It’s that time of year again. The sun is shining, the birds are chirping, and the plants are unloading mass amounts of allergy inducing pollen. Yup, you guessed it. It’s springtime once again. Now for some, spring means enjoyable weather and outdoor actives, but unfortunately, for a large number of the population, spring means being locked away inside to avoid allergy flare ups.
Over 50 million Americans experience frustrating allergy symptoms each year, the most common being coughing, congestion, sneezing and red eyes. While there is no cure to springtime allergies, there are measures you can take to help combat your symptoms this season. The biggest being limited amount of outdoor activity. As hard as it is to stay inside on a beautiful spring day, staying inside and following the tips listed below can really help you fight back during this allergy season.
- Mornings are the worst for pollen, so be sure to keep doors and windows closed
- Change clothes when you go in and outside and shower everyday
- Frequent vacuuming can help keep the pollen out of the house and off your furniture
- Bathe your pets regularly
- A nasal rinse can flush out your nasal passages and help reduce sinus pressure
- Don’t smoke! Smoking can worsen allergy symptoms
Choosing The Right Meds
Even if you routinely practice the above steps, you still may be affected by your allergies. Stocking up on OTC medications can be the next best defense in the battle against allergies, which is why knowing which medicine to take can greatly affect how you feel this season. Having an understanding of the different types of allergy medicines out there can help you best combat your symptoms.
Diphenhydramine: Commonly known as Benadryl, is an antihistamine that relieves allergy symptoms and causes sedation which can be perfect to help you get a good night’s sleep during allergy season. Benadryl is also used to induce sleep and treat motion sickness.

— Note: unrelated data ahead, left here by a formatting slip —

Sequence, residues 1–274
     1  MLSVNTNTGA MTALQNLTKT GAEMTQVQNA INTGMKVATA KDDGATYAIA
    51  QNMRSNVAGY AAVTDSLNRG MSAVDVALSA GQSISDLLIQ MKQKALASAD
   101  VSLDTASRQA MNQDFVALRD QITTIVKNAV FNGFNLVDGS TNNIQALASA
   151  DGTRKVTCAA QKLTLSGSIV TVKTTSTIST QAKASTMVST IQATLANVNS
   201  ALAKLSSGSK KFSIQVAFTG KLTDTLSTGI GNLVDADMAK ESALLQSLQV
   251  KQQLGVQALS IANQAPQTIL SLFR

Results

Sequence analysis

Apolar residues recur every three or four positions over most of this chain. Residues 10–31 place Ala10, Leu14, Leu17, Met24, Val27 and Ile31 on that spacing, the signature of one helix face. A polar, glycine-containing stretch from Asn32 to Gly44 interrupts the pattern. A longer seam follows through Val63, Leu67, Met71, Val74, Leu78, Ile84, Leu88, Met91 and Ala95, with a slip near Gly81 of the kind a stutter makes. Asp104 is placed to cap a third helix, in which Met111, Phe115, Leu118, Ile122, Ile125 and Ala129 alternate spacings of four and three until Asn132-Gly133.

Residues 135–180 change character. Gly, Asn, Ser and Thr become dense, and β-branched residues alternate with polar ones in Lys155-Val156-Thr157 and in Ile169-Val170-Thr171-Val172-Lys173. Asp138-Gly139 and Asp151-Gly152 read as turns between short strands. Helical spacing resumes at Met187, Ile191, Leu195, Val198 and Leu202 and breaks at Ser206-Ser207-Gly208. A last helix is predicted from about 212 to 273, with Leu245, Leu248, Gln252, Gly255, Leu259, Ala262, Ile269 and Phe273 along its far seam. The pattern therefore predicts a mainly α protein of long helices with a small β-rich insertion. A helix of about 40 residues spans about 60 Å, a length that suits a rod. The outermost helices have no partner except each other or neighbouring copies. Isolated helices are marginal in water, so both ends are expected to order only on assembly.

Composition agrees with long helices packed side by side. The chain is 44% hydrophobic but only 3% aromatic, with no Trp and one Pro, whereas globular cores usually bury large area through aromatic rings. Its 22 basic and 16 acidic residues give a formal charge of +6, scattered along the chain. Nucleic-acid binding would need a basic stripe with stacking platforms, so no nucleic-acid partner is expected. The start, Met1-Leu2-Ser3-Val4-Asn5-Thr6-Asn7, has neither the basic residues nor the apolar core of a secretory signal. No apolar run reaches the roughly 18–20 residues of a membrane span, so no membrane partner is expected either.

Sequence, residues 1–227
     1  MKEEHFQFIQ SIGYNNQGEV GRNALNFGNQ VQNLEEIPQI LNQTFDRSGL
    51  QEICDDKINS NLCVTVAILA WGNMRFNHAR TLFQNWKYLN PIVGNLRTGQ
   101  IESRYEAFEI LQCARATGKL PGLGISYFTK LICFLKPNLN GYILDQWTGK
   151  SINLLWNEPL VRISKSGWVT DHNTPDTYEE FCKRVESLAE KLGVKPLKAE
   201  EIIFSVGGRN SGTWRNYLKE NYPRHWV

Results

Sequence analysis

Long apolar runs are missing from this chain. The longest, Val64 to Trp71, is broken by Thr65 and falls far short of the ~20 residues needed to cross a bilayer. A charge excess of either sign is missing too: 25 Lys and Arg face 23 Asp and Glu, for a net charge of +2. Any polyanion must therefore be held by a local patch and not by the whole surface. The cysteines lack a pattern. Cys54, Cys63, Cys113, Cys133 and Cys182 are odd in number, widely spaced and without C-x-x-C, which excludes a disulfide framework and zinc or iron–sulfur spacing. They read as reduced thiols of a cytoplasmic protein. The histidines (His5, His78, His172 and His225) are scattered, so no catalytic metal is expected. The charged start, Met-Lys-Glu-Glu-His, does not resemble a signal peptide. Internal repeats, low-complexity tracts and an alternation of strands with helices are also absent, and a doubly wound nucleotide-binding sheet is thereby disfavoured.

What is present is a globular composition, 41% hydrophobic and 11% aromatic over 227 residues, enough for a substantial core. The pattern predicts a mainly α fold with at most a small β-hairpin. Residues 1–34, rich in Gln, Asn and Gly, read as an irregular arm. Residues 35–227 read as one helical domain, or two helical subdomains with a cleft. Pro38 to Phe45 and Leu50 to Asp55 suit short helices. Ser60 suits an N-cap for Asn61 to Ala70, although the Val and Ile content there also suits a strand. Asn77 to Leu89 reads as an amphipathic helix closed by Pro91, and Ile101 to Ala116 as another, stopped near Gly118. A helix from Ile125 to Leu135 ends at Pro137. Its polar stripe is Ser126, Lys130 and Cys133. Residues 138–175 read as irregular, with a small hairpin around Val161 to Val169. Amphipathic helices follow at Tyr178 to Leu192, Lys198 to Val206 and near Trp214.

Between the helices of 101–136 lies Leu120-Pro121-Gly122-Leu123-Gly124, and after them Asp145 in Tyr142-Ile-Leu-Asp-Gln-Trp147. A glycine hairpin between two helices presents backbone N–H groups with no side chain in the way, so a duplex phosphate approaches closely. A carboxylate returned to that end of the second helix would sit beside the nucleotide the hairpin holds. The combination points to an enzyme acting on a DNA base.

Loratadine: Commonly known as Claritin, is a long lasting, non-sedating antihistamine that is a one pill a day fix that treats symptoms including itchy/water eyes, runny nose and sneezing with no drowsy side effects. Claritin is also used to treat itching and hives.
Cetirizine: Commonly known as Zyrtec, is an antihistamine that relieves allergy symptoms such as watery/itchy eyes, sneezing, runny nose and hives. It works by blocking histamine that is made by your body during an allergic reaction. Zyrtec can also be used to provide relief of cold symptoms.
Fexofenadine: Commonly known as Allegra, temporary relieves allergy symptoms such as runny nose, itchy/watery eyes, sneezing, and itching of the nose and throat. Fexofenadine, like many other antihistamines, does not pass through the blood-brain barrier; therefore it does not cause drowsiness.
Is It Just Me, Or Is Allergy Season Getting Worse?
With such a cold start to spring, the recent hot spell has caused plants to bloom and release pollen all together instead of spacing it out between the spring months. The trees have had to make up for some lost time and are releasing large amounts of pollen which might be the reason for this year’s intense allergy season.
This rush to spring has not provided everyone with an adequate amount of time to adjust from the harsh winter. The quick change from cold to hot can make it hard to determine the difference between a cold and allergy flare-ups. If your allergies are extremely bad this season, consult your doctor to help pin-point your triggers and determine if allergies are the main cause of your symptoms. Ultimately knowing what causes your allergies will allow you to avoid those triggers and help you survive the season.